REVIEW: Scott Bradlee's Postmodern Jukebox at Cambridge Corn Exchange, enough energy and soul to get the squarest spiv tapping his spats

PUBLISHED: 09:05 28 February 2019 | UPDATED: 09:22 28 February 2019

Hannah Gill from Postmodern Jukebox with Adam Kubota on double bass

Hannah Gill from Postmodern Jukebox with Adam Kubota on double bass

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Youtube sensations and now favourite UK live act, Postmodern Jukebox brought their trademark vintage reworkings of classic pop and rock songs to the Cambridge Corn Exchange on Thursday, February 21.

Youtube sensations and now favourite UK live act, Postmodern Jukebox brought their trademark vintage reworkings of classic pop and rock songs to the Cambridge Corn Exchange on Thursday, February 21.

Their current world tour, Welcome to the Twenties 2.0, is ushering in the next decade by adding a touch of retro class to contemporary pop in the form of jazz, swing, ragtime and Motown arrangements, with enough energy and soul to get the squarest spiv tapping his spats.

Established by Long Island born Scott Bradlee back in 2010 with a group of musician friends, the PMJ Youtube channel has now reached 3.8 million subscribers and the rotating collective has performed live in six continents.

It all started when Bradlee, then aged 29, began recording performances in his basement flat in New York as a “creative escape”. He invited the best musicians and singers he knew to come along and realise his vision of “classing up” pop songs. They continued to record together, paid in falafel sandwiches and stripping the drums down to a single snare to avoid annoying the neighbours until their first viral hit took them on tour.

The Welcome to the Twenties 2.0 Tour is currently on the road in both the US and Europe with two outfits of artists.

Presented as an antidote to the hectic superficiality of modern life with its click-bait journalism, reality TV shows and smart phone addiction, Bradlee’s arrangements bring styles of music that have lasted, some for almost a century.

The line-up in Europe is fronted by the charming MC, Lavance Colley whose charismatic showmanship lets you know you’re in for a great night from the off. He is joined on stage in turn by four female vocalists, each with a unique presence and style, a six-piece band including Adam Kubota on double bass, Dave Tedeschi on drums, and Luca Pino on guitar and Caley Carr’s furiously jubilant tap dancing.

Tia Simone, a former contestant on America’s Got Talent, stunned the crowd with her moody, effortless jazz cover of heavy metal band Metallica’s Nothing Else Matters as she glided from bluesy-control into a power-house vocal.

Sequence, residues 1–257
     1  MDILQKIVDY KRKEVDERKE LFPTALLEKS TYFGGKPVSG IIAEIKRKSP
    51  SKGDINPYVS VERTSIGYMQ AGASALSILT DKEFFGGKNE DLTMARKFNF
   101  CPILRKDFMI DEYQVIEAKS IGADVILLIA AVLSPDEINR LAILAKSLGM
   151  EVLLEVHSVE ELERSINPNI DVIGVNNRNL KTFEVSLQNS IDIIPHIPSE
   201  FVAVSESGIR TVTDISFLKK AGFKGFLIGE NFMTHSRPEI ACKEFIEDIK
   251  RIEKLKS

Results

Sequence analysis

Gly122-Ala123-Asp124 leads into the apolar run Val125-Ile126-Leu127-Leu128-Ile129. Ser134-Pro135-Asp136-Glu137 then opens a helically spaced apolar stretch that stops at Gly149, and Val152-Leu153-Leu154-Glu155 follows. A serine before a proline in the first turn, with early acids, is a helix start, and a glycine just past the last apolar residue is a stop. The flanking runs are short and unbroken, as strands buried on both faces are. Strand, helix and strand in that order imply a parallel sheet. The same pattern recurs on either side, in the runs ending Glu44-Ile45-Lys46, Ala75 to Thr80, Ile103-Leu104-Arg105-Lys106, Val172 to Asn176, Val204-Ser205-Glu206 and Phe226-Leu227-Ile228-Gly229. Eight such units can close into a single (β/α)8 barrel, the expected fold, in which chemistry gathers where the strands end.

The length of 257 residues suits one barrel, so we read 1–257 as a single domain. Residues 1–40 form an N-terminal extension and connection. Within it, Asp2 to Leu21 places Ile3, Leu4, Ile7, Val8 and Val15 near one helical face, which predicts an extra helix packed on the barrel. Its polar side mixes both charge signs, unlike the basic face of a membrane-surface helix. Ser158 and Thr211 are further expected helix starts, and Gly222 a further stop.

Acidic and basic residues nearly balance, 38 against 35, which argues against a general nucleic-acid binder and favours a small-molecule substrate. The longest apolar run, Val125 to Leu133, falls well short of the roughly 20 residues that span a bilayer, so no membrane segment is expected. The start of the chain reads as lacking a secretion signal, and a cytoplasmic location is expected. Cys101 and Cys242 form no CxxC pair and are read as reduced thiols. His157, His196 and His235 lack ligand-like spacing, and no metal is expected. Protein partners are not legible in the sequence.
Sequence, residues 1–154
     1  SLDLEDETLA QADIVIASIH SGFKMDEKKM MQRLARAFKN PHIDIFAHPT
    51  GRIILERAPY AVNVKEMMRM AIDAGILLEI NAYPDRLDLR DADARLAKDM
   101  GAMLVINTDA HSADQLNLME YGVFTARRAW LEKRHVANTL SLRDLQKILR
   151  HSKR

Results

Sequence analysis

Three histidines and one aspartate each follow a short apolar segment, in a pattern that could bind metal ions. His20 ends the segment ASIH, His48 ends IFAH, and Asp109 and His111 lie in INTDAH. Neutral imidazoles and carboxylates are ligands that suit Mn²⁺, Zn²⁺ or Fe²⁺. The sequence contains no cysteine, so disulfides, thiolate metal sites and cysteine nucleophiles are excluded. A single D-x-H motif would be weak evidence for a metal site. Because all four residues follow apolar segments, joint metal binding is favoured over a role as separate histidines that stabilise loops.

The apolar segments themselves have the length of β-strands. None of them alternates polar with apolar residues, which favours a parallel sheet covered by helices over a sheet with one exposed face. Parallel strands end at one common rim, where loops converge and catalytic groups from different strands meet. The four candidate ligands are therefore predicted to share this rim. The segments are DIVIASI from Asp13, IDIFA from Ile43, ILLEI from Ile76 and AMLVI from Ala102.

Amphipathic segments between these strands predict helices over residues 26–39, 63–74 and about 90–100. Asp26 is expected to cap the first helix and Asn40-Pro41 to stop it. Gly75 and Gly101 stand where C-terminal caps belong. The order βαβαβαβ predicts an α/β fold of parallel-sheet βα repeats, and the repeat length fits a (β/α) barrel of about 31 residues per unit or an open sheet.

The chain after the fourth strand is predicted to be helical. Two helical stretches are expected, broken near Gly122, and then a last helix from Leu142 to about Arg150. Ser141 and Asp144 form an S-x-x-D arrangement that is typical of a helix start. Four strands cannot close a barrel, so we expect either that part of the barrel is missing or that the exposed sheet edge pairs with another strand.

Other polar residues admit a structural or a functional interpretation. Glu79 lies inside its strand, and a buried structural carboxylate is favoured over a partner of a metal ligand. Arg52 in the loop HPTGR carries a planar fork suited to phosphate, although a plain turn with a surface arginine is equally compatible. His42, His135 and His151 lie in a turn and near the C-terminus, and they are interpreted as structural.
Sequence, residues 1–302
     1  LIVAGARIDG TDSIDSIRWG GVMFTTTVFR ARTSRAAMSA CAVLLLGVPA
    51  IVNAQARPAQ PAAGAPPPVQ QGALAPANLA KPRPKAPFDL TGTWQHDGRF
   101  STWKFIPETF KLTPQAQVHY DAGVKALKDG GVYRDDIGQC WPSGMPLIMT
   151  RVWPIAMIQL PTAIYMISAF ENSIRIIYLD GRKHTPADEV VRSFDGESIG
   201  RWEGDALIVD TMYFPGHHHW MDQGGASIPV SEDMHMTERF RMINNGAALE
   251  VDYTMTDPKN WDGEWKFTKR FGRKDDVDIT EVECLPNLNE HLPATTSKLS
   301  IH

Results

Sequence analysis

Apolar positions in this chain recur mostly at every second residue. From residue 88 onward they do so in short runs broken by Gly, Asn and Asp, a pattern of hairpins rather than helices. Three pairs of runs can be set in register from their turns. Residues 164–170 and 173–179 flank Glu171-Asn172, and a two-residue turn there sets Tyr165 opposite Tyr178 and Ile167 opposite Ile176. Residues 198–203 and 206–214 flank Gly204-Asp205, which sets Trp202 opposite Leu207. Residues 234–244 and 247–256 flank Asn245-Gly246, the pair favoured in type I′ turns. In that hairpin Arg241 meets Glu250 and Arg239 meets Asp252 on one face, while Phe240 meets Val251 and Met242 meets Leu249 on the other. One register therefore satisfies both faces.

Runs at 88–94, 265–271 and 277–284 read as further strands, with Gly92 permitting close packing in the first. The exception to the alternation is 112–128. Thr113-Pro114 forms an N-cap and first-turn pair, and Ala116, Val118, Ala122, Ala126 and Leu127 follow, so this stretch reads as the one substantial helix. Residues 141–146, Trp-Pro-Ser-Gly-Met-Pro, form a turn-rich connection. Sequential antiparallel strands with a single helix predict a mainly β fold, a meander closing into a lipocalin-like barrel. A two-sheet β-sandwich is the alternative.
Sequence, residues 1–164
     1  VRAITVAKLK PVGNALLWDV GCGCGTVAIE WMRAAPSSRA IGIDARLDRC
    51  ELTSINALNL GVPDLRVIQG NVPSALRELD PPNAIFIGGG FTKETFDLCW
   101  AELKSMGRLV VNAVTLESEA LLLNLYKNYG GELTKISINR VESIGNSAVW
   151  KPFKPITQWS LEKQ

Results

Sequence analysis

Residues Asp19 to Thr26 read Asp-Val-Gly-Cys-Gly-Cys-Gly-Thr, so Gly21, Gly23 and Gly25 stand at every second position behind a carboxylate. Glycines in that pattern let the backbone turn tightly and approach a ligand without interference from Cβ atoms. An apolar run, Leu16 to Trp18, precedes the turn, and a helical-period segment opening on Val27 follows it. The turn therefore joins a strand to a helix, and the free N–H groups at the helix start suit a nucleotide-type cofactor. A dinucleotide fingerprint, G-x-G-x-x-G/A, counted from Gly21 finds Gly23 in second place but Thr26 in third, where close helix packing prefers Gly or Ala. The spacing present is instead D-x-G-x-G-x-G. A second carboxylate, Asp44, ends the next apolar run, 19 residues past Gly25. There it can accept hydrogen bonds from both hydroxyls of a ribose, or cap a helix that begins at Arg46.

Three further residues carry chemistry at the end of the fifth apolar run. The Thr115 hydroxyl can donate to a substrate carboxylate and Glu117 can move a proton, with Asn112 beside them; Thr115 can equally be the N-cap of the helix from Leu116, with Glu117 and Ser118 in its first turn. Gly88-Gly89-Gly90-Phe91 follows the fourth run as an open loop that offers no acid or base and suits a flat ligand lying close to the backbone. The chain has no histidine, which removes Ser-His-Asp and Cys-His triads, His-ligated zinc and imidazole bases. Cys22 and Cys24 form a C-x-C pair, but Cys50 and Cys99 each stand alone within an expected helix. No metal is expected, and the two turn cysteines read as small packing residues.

This contrasted with Olivia Kuper-Harris, complete with victory rolls in her hair, whose Sarah Vaughan flavoured singing brought intoxicatingly smooth tones to Maroon 5’s Sunday Morning. A particular treat was her cover of David Bowie’s Life on Mars? which along with the stripped back staccato arrangement of the band was deliciously good.

The first half closed with MC Lavance Colley’s 50s style, up-tempo cover of Toto’s Africa that spread joy through the crowd as he showcased his impressive range and continued to build layer on layer as he was joined by the full company in close harmonies and backed with jaunty keys and punchy brass.

The stand-out performance of the night was 21-year-old Hannah Gill who not only turned the overplayed floor-filler Jet’s Are You Going to Be My Girl? into an utter delight, beginning with a husky vocal that teased its way into full blown sass, but in the second half sang a cover of Habits by Tove Lo that was sultry, heart-wrenching and magnificent.

Wrapped in a white fur stole, Gill begins with a coquettishness a la Betty Boop as she sings of her drink habit to forget her deserting lover, which she flings off as the band kicks in to pack a sassy punch.

Far classier than any covers band, Postmodern Jukebox bring a freshness and sophistication to a wide range of classics. Unlike historical period themed nights that often stagnate in nostalgia, this is very much an outfit for today that has mastered genres from the past hundred years of jazz and popular music.

In some cases where Bradlee has stripped back an arrangement and exposed the lyrics, you might be surprised to find yourself loving a version of a song you thought had been played to death.

As the 1920s English playwright Noël Coward wrote: “Strange how potent cheap music is.”

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